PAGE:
Offset IC coincidences
1 0.45% 2 in 449
2 0.45% 2 in 448
3 0.00% 0 in 447
4 0.45% 2 in 446
5 0.00% 0 in 445
6 0.23% 1 in 444
7 0.45% 2 in 443
8 0.23% 1 in 442
9 0.23% 1 in 441
10 0.23% 1 in 440
11 0.46% 2 in 439
12 0.23% 1 in 438
13 0.23% 1 in 437
14 0.46% 2 in 436
15 0.23% 1 in 435
16 0.69% 3 in 434
17 0.00% 0 in 433
18 0.46% 2 in 432
The essentially discrete distribution of these indices of coincidence
(0.00, 0.23, 0.46, 0.69) are due to the small size of the ciphertext (450
bytes). When we do the same test for a file of Dolphin ciphertext of size
60201 bytes (in which there are 256 different byte values, implying a
desired kappa value of 0.39%) we find:
Offset IC coincidences
1 0.41% 248 in 60200
2 0.43% 258 in 60199
3 0.44% 263 in 60198
4 0.43% 258 in 60197
5 0.43% 257 in 60196
6 0.34% 205 in 60195
7 0.40% 239 in 60194
8 0.42% 252 in 60193
9 0.40% 241 in 60192
10 0.40% 242 in 60191
11 0.41% 247 in 60190
12 0.36% 216 in 60189
13 0.41% 245 in 60188
14 0.37% 223 in 60187
15 0.36% 219 in 60186
16 0.41% 247 in 60185
17 0.40% 238 in 60184
18 0.37% 222 in 60183
The kappa test, and other statistical tests, reveal no regularities in
the ciphertext produced by Dolpin Encrypt (or by EZ-Crypt).
Selected Bibliography
Cryptology is an academic discipline which has implications for the
security of life and property, and thus there is a vast literature on the
subject, often highly technical in nature. Much of the research is secret
and unpublished. The following are just a few of the many books and
journal articles available. The history of codes and code-breaking is
especially interesting. The best book on this subject is David Kahn's The
Codebreakers (the bound edition is recommended). Among the following works
those marked with an asterisk are more historical than technical and tend
to be somewhat easier reading. Those marked "#" contain commentary on some
contemporary political aspects of the civilian use of cryptography.
Andreassen, K.: Computer Cryptology, Prentice-Hall.
Angluin, D. and Lichtenstein, D.: Provable Security in Cryptosystems,
Yale University, 1983.
#Bamford, J.: The Puzzle Palace, Penguin Books.
#Barlow, J. P.: "Decrypting the Puzzle Palace", Communications of the ACM,
July 1992, pp. 25-31.
*Barker, W. G.: History of Codes and Ciphers in the U.S., several volumes,
Aegean Park Press, P. O. Box 2837, Laguna Hills, CA 92654.
Beker, H. and Piper, F.: Cipher Systems, Wiley, 1982.
Bennett, J.: "Analysis of the Encryption Algorithm Used in the WordPerfect
Word Processing Program", Cryptologia 11(4), pp. 206-210, 1987.
Bergen, H. A. and Caelli, W. J.: "File Security in WordPerfect 5.0",
Cryptologia 15(1), pp. 57-66, January 1991.
Biham, E. and Shamir, A.: "Differential cryptanalysis of DES-like
cryptosystems", Journal of Cryptology, vol. 4, #1, pp. 3-72, 1991.
*Boyd, C.: "Anguish under Siege: High-Grade Japanese Signal Intelligence
and the Fall of Berlin", Cryptologia 8(3), July 1989, pp. 193-209.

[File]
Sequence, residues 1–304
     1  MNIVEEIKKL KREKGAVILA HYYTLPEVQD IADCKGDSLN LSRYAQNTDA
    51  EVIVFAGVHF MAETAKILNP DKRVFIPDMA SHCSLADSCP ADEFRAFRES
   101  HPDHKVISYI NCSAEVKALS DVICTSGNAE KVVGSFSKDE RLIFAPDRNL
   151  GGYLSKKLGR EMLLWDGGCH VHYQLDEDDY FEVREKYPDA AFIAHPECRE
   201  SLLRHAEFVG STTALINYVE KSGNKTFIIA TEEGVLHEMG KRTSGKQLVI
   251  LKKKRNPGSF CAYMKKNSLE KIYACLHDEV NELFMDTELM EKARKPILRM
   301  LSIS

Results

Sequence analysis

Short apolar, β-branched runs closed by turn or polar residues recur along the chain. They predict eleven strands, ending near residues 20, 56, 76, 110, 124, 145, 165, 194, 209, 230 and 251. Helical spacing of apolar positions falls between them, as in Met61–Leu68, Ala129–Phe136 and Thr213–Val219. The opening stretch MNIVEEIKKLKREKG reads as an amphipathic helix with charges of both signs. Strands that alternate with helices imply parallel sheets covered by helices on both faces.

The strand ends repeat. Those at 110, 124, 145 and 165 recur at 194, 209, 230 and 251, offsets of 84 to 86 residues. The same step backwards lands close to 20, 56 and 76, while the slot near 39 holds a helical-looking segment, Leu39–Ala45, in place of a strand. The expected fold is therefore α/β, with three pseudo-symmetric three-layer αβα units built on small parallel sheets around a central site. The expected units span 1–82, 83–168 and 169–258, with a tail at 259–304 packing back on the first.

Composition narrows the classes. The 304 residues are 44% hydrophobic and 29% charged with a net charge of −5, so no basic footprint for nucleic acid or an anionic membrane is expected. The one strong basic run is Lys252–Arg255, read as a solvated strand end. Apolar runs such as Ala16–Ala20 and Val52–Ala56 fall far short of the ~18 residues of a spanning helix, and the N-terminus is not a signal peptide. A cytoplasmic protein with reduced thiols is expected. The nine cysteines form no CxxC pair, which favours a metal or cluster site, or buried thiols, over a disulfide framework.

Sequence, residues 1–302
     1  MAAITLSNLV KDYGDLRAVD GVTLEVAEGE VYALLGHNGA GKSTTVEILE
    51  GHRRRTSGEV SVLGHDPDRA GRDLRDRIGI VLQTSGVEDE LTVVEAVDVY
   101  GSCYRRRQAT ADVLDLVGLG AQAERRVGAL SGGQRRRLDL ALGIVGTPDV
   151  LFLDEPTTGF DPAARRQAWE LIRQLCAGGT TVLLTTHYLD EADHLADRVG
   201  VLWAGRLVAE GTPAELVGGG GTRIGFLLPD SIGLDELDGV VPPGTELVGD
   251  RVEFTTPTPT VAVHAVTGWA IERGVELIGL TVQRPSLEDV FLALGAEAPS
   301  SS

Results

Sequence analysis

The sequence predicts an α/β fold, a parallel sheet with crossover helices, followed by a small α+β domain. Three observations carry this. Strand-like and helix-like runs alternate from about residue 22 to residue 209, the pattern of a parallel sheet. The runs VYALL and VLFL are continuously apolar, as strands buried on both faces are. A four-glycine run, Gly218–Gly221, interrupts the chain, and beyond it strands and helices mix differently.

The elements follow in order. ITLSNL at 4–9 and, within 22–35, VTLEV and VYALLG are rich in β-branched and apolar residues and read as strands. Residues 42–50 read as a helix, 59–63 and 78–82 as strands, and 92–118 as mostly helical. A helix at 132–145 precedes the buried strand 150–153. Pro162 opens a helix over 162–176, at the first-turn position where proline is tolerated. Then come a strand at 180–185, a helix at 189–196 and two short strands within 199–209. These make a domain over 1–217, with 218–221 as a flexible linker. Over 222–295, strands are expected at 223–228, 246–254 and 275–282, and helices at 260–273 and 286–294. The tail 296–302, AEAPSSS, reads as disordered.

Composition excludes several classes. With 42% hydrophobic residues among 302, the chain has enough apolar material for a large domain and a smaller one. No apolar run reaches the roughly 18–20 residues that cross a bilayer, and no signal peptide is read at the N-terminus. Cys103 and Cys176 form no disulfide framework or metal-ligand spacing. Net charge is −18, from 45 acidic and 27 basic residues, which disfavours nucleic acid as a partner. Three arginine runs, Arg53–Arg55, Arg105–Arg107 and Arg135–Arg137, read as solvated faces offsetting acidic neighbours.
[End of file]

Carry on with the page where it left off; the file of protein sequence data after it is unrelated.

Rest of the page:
Brassard, G.: Modern Cryptology, Springer-Verlag, 1988.
Deavours, C. A. and Kruh, L.: Machine Cryptography and Modern Crypt-
analysis, Artech House, 610 Washington St., Dedham, MA 02026, 1985.
DeLaurentis, J. M.: "A Further Weakness in the Common Modulus Protocol
in the RSA Cryptoalgorithm", Cryptologia, 8(3), July 1984, pp. 253-259.
Denning, D.: Cryptography and Data Security, Addison-Wesley, 1982.
*Diffie, W.: "The first ten years of public key cryptography",
IEEE proceedings, 76(5), 560--577, 1988.
---- and Hellman, M.: "Privacy and authentication: an introduction to
cryptography", IEEE proceedings, 67(3), 397-427, 1979.
Feistel, H.: "Cryptography and Computer Privacy", Scientific American,
228(5), pp. 15-23, 1973.
*Flicke, W. F.: War Secrets in the Ether, Volumes 1 & 2, Aegean Park Press.
*Friedman, W. F.: Solving German Codes in World War I, Aegean Park Press.
*---- and Mendelsohn, C. J.: The Zimmermann Telegram of 1917 and its
Cryptographic Backround, Aegean Park Press.
Gaines, H. F.: Cryptanalysis, Dover, 1956.
Garon, G. and Outerbridge, R.: "DES watch: an examination of the sufficiency
of the Data Encryption Standard for financial institutions in the 1990's",
Cryptologia 15(3), 1991, pp. 177-193.
*Hinsley, F. H. et al.: British Intelligence in the Second World War,
Cambridge U. P., volumes 1 - 4.
*---- and Stripp, A. (eds.): Codebreakers: The Inside Story of Bletchley
Park, Oxford U.P., 1993.
Held, G.: Top Secret Data Encryption Techniques, Sams Publishing, 1993.
Hellman, M.: "The mathematics of public key cryptography", Scientific
American, pp. 130-139, 1979.
*Kahn, D.: The Codebreakers, Macmillan, 1967.
*----: Seizing the Enigma, Houghton Mifflin, 1991.
Kochanski, M.: "A Survey of Data Insecurity Packages", Cryptologia 11(1),
pp. 1-15, 1987.
----: "Another Data Insecurity Package", Cryptologia 12(3), pp.165-177,
July 1988.
Konheim, A. G.: Cryptography: A Primer, John Wiley, 1981.
#Kruh, L.: "The Control of Public Cryptography and Freedom of Speech
- A Review", Cryptologia 10(1), January 1986, pp. 2-9.
Lysing, H.: Secret Writing, Dover, 1974.
Marotta, M.: The Code Book, Loompanics, 1987.
Massey, J.: "An Introduction to Contemporary Cryptology", IEEE Proceedings,
76(5), pp. 533-549, May 1988.
Meyer, C. H., and Matyas, S. M.: Cryptography, John Wiley, 1982.
#Pierce, K. J.: "Public Cryptography, Arms Export Controls, and the First
Amendment: A Need for Legislation", Cornell International Law
Journal, Vol. 17, No. 3 (Winter 1984), pp. 197-236.
Rivest, R. L., Shamir, A. and Adelman, L.: "A Method for Obtaining Digital
Signatures and Public-key Cryptosystems," Communications of the
ACM, February 1979.
Salomaa, A.: Public Key Cryptography, Springer-Verlag, 1990.
Schneier, B.: "Untangling Public Key Cryptography", Dr Dobb's Journal,
May 1992, pp. 16-28.
----: "The IDEA Encryption Algorithm", Dr Dobb's Journal, December 1993,
pp. 50-56.
----: Practical Cryptography, John Wiley & Sons, 1994.
Simmons, G. (ed.): Contemporary Cryptology: the Science of Information
Integrity, IEEE Press, 1991.
Smith, L. D.: Cryptography, Dover, 1955.
*Weber, R. E.: United States Diplomatic Codes and Ciphers 1775-1938,
Precedent, 1979.
Welsh, D.: Codes and Cryptography, Claredon Press, 1988.
*Yardley, H. O.: The American Black Chamber, Ballantine 1981.